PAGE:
Patients had to have at least 20% c-Kit-positive blasts to be eligible for this trial. However, the percentage of c-Kit-positive blasts did not correlate with clinical response. Whereas 3 of the responders had expression levels of 75% to 94% (1 CR, 2 HI), 1 patient with a partial response showed 20% c-Kit-positive AML blasts. Therefore, the mechanisms of response and prediction of response remain unclear. However, expression of c-Kit as a sole marker for potential susceptibility to IM is obviously insufficient. Only 1 of the previously performed studies using IM in the treatment of AML had controlled for c-Kit mutations within known hot spot regions (exons 2, 8, 10, 11, 12, 17).24 However, no mutations were found in this analysis, and the molecular basis for a response to IM in AML still needs to be resolved.31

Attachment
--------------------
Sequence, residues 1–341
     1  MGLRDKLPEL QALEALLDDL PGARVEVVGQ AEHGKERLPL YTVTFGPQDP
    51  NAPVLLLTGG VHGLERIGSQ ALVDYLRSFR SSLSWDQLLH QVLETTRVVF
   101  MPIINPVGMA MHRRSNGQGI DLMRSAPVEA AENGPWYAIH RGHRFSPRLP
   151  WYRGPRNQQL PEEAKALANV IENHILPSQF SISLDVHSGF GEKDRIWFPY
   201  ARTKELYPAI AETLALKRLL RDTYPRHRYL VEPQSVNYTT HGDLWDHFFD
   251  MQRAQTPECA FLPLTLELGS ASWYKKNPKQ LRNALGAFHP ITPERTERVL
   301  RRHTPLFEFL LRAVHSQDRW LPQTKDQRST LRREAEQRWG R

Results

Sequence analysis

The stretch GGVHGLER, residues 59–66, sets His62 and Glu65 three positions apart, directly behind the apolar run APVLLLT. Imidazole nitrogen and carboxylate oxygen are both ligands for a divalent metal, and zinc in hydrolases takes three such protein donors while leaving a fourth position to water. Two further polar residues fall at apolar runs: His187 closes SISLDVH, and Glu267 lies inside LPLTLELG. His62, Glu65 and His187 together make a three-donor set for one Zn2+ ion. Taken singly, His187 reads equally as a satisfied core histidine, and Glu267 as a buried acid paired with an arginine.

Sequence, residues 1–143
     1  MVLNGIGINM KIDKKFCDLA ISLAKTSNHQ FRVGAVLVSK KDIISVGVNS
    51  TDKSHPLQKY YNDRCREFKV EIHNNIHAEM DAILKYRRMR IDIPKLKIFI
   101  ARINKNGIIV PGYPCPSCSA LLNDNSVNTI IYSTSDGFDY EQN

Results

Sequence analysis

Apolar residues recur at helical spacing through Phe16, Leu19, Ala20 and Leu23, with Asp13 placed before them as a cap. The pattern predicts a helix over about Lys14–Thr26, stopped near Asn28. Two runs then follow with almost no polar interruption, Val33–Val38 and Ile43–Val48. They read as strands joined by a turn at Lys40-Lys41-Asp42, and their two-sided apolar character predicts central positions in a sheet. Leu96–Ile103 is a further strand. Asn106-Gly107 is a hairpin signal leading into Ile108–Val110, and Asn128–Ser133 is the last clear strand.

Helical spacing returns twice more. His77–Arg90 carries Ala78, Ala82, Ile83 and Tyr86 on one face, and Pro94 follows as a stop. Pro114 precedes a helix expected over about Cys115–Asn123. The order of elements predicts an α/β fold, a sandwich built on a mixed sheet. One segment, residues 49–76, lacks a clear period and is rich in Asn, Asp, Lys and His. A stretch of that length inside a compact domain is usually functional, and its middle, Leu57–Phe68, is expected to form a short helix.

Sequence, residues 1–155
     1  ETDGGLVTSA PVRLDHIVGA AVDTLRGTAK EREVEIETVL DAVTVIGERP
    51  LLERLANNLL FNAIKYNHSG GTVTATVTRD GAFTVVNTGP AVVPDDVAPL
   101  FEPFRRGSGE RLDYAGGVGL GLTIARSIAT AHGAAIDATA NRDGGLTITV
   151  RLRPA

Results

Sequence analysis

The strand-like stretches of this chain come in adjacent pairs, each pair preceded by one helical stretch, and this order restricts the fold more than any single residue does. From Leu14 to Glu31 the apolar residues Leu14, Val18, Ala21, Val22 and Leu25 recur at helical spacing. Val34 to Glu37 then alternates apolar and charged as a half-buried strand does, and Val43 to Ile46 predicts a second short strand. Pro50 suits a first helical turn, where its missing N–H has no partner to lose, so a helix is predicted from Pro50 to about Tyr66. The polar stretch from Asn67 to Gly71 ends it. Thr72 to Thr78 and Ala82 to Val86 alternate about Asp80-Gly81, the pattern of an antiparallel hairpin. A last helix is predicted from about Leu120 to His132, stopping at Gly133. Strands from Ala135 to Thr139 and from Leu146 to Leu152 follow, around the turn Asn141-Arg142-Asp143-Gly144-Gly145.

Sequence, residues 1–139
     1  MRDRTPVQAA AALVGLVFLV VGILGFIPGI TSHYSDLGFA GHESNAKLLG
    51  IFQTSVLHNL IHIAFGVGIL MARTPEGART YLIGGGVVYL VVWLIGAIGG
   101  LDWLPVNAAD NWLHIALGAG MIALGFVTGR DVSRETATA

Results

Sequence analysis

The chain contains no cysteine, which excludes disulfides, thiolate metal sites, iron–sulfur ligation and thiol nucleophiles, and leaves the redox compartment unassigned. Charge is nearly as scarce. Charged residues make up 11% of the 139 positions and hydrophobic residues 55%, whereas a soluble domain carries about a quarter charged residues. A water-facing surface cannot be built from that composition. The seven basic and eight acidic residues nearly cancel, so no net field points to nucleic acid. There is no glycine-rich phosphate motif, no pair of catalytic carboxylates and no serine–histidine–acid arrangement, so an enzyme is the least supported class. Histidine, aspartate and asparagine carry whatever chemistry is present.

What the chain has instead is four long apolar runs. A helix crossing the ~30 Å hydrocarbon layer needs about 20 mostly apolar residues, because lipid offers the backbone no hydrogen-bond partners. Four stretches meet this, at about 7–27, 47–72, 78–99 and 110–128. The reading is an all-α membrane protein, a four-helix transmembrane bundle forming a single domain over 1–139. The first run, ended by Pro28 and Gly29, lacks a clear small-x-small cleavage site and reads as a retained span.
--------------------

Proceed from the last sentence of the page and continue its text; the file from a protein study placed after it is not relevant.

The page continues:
Inhibition of other kinases such as PDGFR could be a possible mechanism.33 This hypothesis is supported by the efficacy of IM reported in patients with hypereosinophilic syndrome caused by FIP1L1-PDGFRα fusion.34, 35 In our study no cytogenetic translocations involving PDGF-receptor could be detected (Table 3). M-CSF-receptor (CSF-1R) is another member of the tyrosine kinase-receptor class-III family that has recently been reported to respond to treatment with IM.36 Downstream signaling and M-CSF-receptor-dependent cell growth was demonstrated to be sensitive to IM treatment. Additionally, mutant M-CSF-receptor cells (Asp-802) showed resistance to IM treatment. Point mutations at other sites have been shown to contribute to a growth advantage of clonal cells.37 This member of the RTK III-family has not been investigated for its role as a therapeutic target in AML yet. Therefore, molecular analysis of other target kinases such as PDGFR and CSF-1R is warranted in future analysis of AML patients. However, as complete clinical remission rates have also been reported upon LDAC monotherapy in 17% of cases,30 the true efficacy of IM in addition to chemotherapy as a part of combination therapy will have to be tested in a randomized, controlled Phase II trial. In this regard, in older AML patients (>60 years) the HOVON cooperative group has recently started a randomized Phase II trial employing dose-reduced induction and consolidation chemotherapy (‘5+2’) with and without IM followed by maintenance therapy with IM versus observation (protocol HOVON 67).